On July 26, 2002, the last sitting before the summer rest, a serious blow was to be struck against the defendant after so many flops. The prosecution had invited an insider, a crown witness. He was the former chief of Yugoslavian State Security, Rade Markovic. He was certainly arrested by the NATO agents in Belgrade earlier and prepared for his part in the trial. Indeed, Markovic´s written statement was in hand, that accused the former Yugoslav president of having ordered the systematic expulsion of the Kosovo Albanians.

Del Ponte and her aides were in an appropriately good mood and full of expectation. But in the July 27 Neue Zuericher Zeitung one had to read: "One of the most important witnesses in The Hague trial against the former Yugoslav President Milosevic regarding Kosovo, the former Serb Secret Service Chief Rade Markovic, distanced himself on Friday before the UN War Crimes Tribunal from a written statement, that he had previously signed in Belgrade. Markovic, who for the questioning had been transported from his investigative detention in Belgrade to The Hague, declared that he had signed the paper but had not read the contents. An offer had been made to him that he could take on a new identity and be settled abroad. In return, he was asked to charge Milosevic; if he refused, he would have to accept the consequences."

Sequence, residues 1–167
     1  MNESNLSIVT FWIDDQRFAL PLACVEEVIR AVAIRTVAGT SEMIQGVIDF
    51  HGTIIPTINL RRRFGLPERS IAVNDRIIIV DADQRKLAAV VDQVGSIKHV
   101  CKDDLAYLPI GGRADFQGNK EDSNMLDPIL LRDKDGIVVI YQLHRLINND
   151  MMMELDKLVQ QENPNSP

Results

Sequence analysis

The International Committee for the Defense of Slobodan Milosevic extracts the overwhelming conclusion from the fiasco of del Ponte´s "Kosovo-charges," that the unconditional freeing of the defendant is overdue. Indeed the now beginning part of the show trial about Croatia and Bosnia can accomplish even less: Slobodan Milosevic has been charged as the then president of Serbia, for events that took place in other countries, in which other armies were taking part, which followed the orders of other people.

Klaus Hartmann is vice president of the International Committee for the Defense of Slobodan Milosevic and spokesperson of the German section.

Translation by John Catalinotto
International Action-Center, New York